Regrets … I have a few. Like that time I was too hung over at Geoff Coffey‘s Nawlins bachelor bacchanal to partake in the Acme wake-up call. The Acme is a legendary oyster house in the French Quarter, known above all for its oyster po’ boys. What is a po’ boy, you ask? The “poor boy,” or po’ boy for short, is a traditional Louisiana sandwich served on a French roll or baguette. The usual ingredients are shredded lettuce, thinly sliced tomatoes, and some sort of meat, often fried shrimp or oysters. The derivation of the term is disputed. One theory holds that the name po’ boy comes from a 1929 streetcar strike, when a streetcar conductor-turned-restaurateur fed his former colleagues—called “poor boys”—free sandwiches from his shop.
The oyster po’ boy is also known variously as an oyster loaf or “Peace Maker.” Men carousing about town have traditionally brought home a Peace Maker to their wives at the end of a late night. If you read Calvin Trillin, you will be convinced that few foods on this earth rival a good oyster loaf—whether it’s used as a peace offering or not—and few places are more skilled in its preparation than the Acme Oyster House.
Recently I’ve been reading a lot of Trillin, and each mention of the Acme sends me wistfully back to that head-splitting morning when I was capable of ordering nothing more than a Bloody Mary. (At least I was in good company: my friend Warpo, who wore a lime-green leisure suit for 72 straight hours that weekend, also ordered an unaccompanied Bloody.) It was a weak showing for sure. I suppose one day I’ll be back to taste what I missed. In the meantime, I’ll make do with my own creation (Seattle, it should be admitted, shares almost nothing with the free-wheeling Big Easy except good seafood), using freshly foraged oysters from my backyard.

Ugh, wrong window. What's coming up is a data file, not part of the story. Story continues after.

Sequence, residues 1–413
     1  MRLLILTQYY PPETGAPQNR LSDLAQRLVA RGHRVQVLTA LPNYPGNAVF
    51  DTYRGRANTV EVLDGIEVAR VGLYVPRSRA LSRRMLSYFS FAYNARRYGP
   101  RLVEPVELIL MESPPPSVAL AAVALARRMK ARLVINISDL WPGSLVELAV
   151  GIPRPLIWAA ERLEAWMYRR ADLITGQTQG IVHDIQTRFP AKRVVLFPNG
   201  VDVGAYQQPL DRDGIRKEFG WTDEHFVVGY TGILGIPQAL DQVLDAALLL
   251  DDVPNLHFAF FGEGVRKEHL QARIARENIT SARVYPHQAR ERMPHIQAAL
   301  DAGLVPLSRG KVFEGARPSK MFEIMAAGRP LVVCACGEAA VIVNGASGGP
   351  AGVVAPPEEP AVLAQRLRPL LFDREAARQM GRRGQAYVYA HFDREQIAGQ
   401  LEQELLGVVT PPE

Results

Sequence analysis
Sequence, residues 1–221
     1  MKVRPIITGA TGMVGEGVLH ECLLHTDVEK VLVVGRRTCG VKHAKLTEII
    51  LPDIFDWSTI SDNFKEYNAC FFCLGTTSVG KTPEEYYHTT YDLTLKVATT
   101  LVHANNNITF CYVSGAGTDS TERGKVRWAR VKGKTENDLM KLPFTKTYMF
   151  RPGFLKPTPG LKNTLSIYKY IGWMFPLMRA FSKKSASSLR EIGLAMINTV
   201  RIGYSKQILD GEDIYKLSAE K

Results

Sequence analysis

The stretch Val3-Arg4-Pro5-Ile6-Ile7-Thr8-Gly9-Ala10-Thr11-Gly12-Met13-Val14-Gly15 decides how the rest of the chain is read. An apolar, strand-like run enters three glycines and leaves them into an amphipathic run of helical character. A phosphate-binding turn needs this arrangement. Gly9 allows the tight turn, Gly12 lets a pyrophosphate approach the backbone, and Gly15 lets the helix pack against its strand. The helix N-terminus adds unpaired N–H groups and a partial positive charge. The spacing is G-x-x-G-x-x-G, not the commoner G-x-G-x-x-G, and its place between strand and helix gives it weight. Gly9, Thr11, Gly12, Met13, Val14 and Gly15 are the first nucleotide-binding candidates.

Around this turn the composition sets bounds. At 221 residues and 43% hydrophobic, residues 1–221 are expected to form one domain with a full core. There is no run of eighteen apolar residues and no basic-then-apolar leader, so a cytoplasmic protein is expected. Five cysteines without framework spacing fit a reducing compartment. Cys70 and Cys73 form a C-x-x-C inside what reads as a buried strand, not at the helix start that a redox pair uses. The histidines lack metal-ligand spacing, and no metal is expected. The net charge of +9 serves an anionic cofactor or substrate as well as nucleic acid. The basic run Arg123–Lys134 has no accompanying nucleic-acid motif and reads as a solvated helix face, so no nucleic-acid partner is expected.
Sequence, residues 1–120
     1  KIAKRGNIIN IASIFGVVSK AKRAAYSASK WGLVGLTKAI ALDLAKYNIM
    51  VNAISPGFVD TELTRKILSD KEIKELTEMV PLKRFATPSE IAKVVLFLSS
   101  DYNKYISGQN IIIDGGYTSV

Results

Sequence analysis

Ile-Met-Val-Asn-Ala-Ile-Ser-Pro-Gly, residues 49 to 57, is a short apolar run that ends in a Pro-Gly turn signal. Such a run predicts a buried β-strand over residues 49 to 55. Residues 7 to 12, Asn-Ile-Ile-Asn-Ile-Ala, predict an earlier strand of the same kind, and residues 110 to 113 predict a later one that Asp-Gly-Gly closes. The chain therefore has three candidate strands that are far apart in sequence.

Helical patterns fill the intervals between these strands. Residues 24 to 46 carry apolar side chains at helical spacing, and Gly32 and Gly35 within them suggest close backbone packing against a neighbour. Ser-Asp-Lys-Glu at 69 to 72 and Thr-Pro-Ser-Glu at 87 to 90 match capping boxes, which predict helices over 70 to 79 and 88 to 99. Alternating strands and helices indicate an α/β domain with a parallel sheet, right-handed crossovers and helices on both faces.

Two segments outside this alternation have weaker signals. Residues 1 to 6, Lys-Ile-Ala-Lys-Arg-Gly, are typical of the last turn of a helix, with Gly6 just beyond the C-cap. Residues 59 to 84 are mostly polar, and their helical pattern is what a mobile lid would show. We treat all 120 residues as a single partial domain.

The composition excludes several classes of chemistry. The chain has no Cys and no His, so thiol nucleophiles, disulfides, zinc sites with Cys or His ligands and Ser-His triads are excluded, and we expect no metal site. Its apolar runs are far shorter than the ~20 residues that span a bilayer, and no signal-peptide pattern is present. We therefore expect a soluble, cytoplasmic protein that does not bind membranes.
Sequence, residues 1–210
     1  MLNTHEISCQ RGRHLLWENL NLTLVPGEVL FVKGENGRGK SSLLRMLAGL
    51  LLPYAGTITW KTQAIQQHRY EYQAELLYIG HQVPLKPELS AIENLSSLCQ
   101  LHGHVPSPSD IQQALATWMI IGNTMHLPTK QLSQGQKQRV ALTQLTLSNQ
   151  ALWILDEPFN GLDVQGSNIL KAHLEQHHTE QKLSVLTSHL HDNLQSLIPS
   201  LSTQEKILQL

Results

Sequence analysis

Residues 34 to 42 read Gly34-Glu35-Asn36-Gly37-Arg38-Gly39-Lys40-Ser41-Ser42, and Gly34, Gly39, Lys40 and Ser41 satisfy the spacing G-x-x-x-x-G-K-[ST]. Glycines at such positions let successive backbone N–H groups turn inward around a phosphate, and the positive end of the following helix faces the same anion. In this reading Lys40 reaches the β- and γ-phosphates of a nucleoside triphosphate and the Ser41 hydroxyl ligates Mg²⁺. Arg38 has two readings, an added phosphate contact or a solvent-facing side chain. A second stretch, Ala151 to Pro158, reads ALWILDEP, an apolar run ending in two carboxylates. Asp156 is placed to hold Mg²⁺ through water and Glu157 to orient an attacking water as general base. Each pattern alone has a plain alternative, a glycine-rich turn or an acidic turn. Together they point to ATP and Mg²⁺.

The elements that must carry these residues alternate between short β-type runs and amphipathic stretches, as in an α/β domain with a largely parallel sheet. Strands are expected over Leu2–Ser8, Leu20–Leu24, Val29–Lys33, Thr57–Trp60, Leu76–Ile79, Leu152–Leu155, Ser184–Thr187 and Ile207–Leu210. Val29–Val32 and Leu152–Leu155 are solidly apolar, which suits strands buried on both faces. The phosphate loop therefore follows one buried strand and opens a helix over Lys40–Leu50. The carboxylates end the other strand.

Oyster Po’ Boy
Dip oysters in egg, then batter with a mixture of mostly cornmeal, a little flour, and spices. The “shake and bake” method of battering is easiest, which is to say: do it in a plastic baggie to get all those flaps and folds evenly battered. Fry in oil and/or butter and remove to paper towels. Spread mayo, tartar, remoulade (or any combination thereof) on a French roll or baguette and pile with shredded lettuce, thinly sliced tomatoes, and the fried oysters. Drizzle with hot sauce. Pickles, onions, and whatever other condiments you prefer are optional. Serve with French fries and a suitable hair-of-the-dog beverage. (The one above was my lunch yesterday; no hair of the dog necessary, thank you.)